Some time ago I ran across a blog post Al3x’s rules for computing happiness by Alex Payne. I agree with the spirit of the list, though I disagree at least to some extent with most of the points. It seems to me that the underlying idea of the list is to set some boundaries on how you use your computer. Instead of just asking the easiest way to accomplish the immediate task, think of longer term (unintended) consequences.
Here’s Alex’s first rule:
Use as little software as possible.
You could interpret the first rule at least a couple ways. First, don’t use software when a low-tech solution works as well or better. Second, don’t buy or download hundreds of different applications. Learn how to use a few applications well. I agree with both interpretations.
Here are the second and third rules.
Use software that does one thing well. Do not use software that does many things poorly.
If that means having hundreds of little applications, then there’s a tension with the first rule. I suppose it matters how you define a “thing.” If your “thing” is broad enough, such as for example editing images, then there’s no conflict. I don’t think Alex would suggest using thousands of little utilities for image editing rather than using a package like Photoshop or GIMP. I imagine he’s referring to overly ambitious applications, such as software that tries to be word processor, email client, Lisp interpreter, floor wax, and dessert topping.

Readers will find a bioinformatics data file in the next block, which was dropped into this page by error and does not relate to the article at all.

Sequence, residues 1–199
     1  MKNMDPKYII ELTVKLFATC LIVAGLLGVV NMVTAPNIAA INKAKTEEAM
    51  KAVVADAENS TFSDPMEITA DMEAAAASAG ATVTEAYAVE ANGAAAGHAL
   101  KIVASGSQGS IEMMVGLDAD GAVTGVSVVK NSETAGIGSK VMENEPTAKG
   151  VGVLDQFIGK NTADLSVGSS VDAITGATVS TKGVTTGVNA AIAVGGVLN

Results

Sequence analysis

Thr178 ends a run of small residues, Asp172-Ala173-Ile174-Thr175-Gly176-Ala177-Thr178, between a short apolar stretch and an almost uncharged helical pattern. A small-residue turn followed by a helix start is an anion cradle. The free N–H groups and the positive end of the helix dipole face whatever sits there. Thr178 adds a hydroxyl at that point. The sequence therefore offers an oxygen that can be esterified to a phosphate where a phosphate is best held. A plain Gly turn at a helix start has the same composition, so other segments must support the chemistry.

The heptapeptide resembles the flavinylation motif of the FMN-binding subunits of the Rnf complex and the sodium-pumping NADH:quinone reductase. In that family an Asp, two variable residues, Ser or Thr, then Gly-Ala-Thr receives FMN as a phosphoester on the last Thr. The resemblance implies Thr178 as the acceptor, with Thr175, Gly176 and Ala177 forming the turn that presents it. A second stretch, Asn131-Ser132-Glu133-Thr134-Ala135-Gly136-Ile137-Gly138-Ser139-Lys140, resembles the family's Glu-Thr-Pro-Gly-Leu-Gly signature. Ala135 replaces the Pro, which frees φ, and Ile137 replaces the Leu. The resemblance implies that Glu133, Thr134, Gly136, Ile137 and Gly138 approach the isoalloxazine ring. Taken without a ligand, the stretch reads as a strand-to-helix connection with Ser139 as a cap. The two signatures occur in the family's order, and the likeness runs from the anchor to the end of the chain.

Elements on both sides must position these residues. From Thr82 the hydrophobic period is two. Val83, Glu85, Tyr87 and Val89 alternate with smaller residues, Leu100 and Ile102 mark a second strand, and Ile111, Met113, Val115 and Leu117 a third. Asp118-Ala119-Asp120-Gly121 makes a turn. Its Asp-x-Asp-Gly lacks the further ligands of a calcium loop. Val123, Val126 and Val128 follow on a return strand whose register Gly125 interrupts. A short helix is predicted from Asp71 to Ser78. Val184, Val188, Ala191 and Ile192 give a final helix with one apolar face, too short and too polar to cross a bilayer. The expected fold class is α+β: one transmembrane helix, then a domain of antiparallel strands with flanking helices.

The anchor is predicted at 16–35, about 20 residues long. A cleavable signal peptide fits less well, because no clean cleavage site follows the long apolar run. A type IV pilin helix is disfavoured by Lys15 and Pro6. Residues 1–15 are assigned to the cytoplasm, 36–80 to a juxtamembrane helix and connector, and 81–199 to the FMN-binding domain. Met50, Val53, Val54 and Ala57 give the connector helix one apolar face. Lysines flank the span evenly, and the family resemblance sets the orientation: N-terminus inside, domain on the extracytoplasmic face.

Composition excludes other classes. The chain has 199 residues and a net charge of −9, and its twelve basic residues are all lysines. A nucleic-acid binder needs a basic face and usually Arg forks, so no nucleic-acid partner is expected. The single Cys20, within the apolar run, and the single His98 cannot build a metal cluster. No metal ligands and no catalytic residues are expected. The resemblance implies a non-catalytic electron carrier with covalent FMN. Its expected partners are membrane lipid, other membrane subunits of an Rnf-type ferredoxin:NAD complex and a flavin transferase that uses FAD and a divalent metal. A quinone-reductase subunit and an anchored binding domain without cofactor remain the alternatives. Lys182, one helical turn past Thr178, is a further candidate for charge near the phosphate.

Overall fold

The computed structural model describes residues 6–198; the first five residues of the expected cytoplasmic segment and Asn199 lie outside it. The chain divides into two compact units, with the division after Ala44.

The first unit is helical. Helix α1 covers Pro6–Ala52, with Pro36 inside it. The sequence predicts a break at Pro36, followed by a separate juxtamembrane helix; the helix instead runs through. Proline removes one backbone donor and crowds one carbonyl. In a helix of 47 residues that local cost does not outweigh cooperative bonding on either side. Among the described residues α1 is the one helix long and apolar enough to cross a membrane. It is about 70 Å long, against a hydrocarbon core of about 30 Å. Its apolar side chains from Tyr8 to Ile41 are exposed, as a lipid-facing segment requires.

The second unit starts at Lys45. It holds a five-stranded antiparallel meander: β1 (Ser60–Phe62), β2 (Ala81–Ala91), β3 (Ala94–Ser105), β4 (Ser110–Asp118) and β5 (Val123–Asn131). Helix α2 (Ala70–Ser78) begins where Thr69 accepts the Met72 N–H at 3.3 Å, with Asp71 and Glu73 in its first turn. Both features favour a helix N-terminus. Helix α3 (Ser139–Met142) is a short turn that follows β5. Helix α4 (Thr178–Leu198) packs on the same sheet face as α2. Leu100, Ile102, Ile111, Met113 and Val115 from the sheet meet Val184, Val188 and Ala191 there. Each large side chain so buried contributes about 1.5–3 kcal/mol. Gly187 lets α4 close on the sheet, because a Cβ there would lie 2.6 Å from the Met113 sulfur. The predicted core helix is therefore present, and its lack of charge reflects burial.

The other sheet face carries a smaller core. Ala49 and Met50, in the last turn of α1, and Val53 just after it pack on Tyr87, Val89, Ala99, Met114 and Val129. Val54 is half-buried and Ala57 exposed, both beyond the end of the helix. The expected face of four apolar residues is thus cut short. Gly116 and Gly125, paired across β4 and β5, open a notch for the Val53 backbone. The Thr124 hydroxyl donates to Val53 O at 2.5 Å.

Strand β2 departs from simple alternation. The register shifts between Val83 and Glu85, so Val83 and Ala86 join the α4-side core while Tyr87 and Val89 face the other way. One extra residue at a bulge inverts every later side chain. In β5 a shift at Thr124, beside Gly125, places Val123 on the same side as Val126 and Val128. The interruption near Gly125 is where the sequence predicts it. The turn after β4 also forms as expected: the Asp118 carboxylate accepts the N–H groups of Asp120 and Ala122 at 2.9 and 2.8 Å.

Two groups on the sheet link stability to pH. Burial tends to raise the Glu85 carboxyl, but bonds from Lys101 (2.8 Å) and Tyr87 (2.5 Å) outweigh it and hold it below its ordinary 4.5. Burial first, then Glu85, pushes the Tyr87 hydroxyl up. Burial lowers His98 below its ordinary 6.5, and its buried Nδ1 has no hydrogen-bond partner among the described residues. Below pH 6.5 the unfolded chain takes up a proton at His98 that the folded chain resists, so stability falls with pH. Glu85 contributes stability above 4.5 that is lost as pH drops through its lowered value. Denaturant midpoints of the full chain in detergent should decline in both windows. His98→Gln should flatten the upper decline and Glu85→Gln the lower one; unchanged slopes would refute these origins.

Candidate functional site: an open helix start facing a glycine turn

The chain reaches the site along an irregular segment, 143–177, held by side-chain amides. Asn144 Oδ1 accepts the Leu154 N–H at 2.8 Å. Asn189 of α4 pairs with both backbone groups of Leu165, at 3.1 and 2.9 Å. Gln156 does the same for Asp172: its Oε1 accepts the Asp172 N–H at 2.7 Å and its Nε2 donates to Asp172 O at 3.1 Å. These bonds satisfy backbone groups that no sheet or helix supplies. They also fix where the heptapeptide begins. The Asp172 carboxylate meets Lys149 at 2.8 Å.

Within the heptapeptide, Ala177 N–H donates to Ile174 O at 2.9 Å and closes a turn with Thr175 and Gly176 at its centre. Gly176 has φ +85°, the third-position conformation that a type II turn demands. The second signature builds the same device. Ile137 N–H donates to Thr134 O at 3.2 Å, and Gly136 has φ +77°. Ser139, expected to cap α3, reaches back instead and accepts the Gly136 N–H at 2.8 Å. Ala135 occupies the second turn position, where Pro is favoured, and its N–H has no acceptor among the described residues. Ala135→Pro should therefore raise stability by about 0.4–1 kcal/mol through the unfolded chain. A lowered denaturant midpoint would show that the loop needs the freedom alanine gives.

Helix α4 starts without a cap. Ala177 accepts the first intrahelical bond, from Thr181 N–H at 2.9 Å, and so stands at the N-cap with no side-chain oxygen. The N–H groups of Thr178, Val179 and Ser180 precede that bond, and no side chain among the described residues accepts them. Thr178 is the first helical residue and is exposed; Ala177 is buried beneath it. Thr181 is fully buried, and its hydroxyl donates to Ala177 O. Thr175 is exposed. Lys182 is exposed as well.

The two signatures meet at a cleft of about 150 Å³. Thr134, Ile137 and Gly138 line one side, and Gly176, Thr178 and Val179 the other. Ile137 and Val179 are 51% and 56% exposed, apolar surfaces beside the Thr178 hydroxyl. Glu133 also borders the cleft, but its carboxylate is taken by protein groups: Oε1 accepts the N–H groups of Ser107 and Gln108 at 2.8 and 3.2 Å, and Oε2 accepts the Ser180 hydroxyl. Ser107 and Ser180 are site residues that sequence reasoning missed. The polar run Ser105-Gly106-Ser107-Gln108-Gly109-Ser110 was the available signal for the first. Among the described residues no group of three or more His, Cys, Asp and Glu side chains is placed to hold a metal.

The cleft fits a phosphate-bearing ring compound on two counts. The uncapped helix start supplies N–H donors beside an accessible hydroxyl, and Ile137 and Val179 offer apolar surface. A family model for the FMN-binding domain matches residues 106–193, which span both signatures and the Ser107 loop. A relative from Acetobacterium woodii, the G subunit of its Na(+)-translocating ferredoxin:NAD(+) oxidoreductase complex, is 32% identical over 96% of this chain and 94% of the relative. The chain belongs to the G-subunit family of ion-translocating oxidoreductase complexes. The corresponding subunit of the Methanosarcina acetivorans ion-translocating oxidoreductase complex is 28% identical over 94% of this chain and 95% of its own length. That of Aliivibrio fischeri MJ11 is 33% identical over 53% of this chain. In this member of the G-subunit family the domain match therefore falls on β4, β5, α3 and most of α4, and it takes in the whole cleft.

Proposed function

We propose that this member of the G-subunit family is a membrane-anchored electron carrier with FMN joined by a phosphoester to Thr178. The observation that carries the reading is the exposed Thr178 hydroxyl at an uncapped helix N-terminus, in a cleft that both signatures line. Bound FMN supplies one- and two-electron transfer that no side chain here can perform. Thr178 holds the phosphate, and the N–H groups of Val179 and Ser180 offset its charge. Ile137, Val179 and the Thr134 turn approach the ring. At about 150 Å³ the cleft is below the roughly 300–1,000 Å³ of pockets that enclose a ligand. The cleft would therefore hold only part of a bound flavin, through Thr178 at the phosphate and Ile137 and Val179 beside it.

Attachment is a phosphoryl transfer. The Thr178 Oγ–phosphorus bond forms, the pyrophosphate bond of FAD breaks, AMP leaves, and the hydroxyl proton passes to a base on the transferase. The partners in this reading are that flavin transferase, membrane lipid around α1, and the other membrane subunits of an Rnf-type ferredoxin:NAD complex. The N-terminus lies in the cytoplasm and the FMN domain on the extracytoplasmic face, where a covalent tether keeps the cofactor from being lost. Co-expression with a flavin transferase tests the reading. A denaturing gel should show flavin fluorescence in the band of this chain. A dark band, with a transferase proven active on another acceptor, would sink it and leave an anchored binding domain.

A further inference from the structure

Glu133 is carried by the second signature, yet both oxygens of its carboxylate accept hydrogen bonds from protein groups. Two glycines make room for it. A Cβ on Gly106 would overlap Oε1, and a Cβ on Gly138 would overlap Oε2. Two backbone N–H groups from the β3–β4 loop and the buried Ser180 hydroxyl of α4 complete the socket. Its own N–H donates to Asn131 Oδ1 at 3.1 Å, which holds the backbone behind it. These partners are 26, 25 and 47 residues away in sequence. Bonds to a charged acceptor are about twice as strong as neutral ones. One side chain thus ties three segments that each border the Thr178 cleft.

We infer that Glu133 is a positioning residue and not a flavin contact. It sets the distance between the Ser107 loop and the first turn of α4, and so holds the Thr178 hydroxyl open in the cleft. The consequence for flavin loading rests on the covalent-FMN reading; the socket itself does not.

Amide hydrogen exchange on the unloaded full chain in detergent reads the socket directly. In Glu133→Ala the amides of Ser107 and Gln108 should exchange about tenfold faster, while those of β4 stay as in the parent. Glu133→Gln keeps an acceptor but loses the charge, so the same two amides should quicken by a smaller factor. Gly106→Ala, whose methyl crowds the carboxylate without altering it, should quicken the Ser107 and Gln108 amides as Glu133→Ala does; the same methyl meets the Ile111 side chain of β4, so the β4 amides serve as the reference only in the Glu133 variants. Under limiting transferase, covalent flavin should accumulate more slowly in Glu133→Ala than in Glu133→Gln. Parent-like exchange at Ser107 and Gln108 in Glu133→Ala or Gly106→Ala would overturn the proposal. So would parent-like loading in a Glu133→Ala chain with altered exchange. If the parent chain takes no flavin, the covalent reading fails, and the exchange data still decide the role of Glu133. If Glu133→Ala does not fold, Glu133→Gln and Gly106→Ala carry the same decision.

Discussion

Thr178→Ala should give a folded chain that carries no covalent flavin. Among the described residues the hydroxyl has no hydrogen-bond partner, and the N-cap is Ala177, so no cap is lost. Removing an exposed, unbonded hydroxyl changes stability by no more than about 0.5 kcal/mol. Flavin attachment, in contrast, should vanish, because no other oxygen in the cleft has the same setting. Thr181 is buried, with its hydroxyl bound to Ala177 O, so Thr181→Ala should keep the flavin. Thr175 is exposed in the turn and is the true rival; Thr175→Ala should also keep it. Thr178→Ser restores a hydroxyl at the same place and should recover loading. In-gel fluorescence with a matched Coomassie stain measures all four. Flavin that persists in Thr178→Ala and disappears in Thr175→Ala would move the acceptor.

Here are a few more of the rules I appreciate.
- Use a plain text editor that you know well. Not a word processor, a plain text editor.
- Keep as much as possible in plain text. Not Word or Pages documents, plain text.
- Pay for software that’s worth paying for, but only after evaluating it for no less than two weeks.
- Buy as large an external display as you can afford if you’ll be working on the computer for more than three hours at a time.
The emphasis on plain text files may seem reactionary, but there are still numerous advantages to plain text. Word has its advantages as well. Choose wisely.
I particularly like his advice to pay for software that’s worth paying for. I understand the attraction of software that is “free as in beer,” especially at work. Even though the cost of commercial software doesn’t come out of my pocket, the bureaucratic hassle and delay of corporate purchasing make free software more attractive. But some free software gives a false economy because the software is difficult to use. The software may be free up front, but there’s an opportunity cost for using it, a tax you pay as long as you use it.